As will be seen from the above operational description, the relation VIL <VIH is established between the inversion voltage VIH for the change of the input voltage VIN from "0" to "1" and the inversion voltage VIL for the change from "1" to "0", thus providing a hysteresis characteristic as shown in FIG. 4. In other words, the inversion voltage VIL depends on a ratio between equivalent transconductance gm values of the transistors P1 and N1 and the inversion voltage VIH depends on an equivalent transconductance gm ratio between the transistors P1 to P3 and the transistor N1. By making the gate width of the transistors P2 and P3 larger than that of the transistor P1, the hysteresis voltage (VIH -VIL) can be increased.

In another embodiment of the present invention as shown in FIG. 5, P and N channel transistors in the FIG. 3 embodiment are exchanged for each other, whereby the equivalent gm (or gate width W) of an N-channel transistors of a first-stage inverter is changed so as to produce a hysteresis characteristic based on the same operation principle as that of the FIG. 3 circuit, thereby providing an input/output characteristic as shown in FIG. 6.

In this embodiment of FIG. 5, an inversion voltage VIH is determined by equivalent gm values of transistors P1 and N1.

Where it is desired to set the inversion voltages VIL and VIH above VDD /2, the FIG. 3 embodiment should preferably be implemented; conversely, when setting values of the inversion voltages desirably below VDD /2, the FIG. 5 embodiment is preferred.

Although, in the series connection of the FIG. 3 embodiment, the transistor P2 is connected to the power source side and the transistor P3 is connected to the grounding side, this connection relationship may be reversed.

Turning to FIG. 7, there is shown still another embodiment of the present invention wherein P-channel enhancement MOS transistors P1 to P4 have their substrate connected to a power source voltage VDD (for example, +5 volts) and N-channel enhancement MOS transistors N1 to N4 have their substrate connected to earth potential GND, the source of these transistors being designated by an arrow. The transistors P4 and N4 constitute an inverter.

A circuit of this embodiment comprises the circuits of the FIG. 3 and FIG. 5 embodiments in combination to provide a larger hysteresis voltage (VIH -VIL), and operates based on the same principle as the FIG. 3 embodiment.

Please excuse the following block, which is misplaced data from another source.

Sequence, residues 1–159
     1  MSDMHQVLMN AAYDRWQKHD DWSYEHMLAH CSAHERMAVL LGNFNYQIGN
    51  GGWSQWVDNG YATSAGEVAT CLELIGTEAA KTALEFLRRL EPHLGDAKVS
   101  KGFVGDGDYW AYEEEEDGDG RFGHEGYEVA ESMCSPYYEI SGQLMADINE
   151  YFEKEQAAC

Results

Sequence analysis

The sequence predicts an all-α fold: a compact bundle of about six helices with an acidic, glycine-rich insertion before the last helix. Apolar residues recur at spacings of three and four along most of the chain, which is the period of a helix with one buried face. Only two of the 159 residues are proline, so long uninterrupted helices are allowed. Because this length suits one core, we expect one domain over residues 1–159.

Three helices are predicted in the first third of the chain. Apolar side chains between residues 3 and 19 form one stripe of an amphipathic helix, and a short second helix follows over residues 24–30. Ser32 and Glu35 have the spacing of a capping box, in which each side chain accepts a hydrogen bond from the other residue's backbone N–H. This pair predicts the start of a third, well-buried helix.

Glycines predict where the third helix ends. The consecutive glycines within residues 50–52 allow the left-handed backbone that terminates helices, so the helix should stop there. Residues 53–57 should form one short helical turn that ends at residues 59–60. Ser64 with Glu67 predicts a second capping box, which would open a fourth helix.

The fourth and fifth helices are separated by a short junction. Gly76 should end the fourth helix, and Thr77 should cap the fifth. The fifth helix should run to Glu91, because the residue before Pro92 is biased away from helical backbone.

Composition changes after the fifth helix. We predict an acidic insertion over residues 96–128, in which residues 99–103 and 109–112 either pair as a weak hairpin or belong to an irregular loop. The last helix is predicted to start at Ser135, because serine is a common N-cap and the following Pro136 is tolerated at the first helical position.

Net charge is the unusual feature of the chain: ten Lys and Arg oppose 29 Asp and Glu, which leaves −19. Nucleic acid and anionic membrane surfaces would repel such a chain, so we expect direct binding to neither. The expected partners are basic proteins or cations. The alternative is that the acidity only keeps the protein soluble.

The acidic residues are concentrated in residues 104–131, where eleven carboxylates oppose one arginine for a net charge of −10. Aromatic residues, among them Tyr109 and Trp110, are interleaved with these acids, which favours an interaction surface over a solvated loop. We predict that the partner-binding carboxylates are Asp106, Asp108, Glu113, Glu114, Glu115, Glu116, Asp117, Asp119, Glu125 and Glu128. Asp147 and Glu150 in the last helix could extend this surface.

When an input voltage VIN changes from "0" to "1" (0 volt to +5 volts) in this embodiment of FIG. 5, an output voltage VOUT initially assumed "0" and the transistor N3 is rendered off and the transistor P3 is rendered on (saturated) so that in a first-stage circuit A (enclosed by dotted line) the transistors P1 and P2 act as an equivalent P-channel transistor. Assuming that all the transistors have an identical gate length l, an equivalent gate width of the equivalent P-channel transistor is represented by Wp1 +Wp2 ·Wp3 /(Wp2 +Wp3). In contrast, since the transistor N3 is off and the transistor N2 stands ineffective, only the transistor N1 acts as an equivalent N-channel transistor in the first stage circuit A, having an equivalent gate width WN1. Consequently, an equivalent gate width ratio WN /Wp is,

W.sub.N1 /W.sub.p1 +W.sub.p2 ·W.sub.p3 /(W.sub.p2 +W.sub.p3) (3).

Conversely, when the input voltage VIN changes from "1" to "0" (+5 volts to 0 volt), the output voltage VOUT initially assumes "1" and the transistor P3 is rendered off and the transistor N3 is rendered on (saturated) so that the transistors N1 and N2 in the first-stage circuit A act as an equivalent N-channel transistor having an equivalent gate width of WN1 +WN2 ·WN3 /(WN2 +WN3). In contrast, since the transistor P3 is off and the transistor P2 stands ineffective, only the transistor P1 acts as an equivalent P-channel transistor in the first stage circuit A, having an equivalent gate width Wp1. Consequently, an equivalent gate width ratio WN /Wp is,

(W.sub.N1 +W.sub.N2 ·W.sub.N3 /(W.sub.N2 +W.sub.N3))/W.sub.p1 (4)

When comparing the gate width ratio represented by equation (3) for the change of input voltage VIN from "0" to "1" with the gate width ratio of equation (4) for the change from "1" to "0", (3)<(4) stands obviously.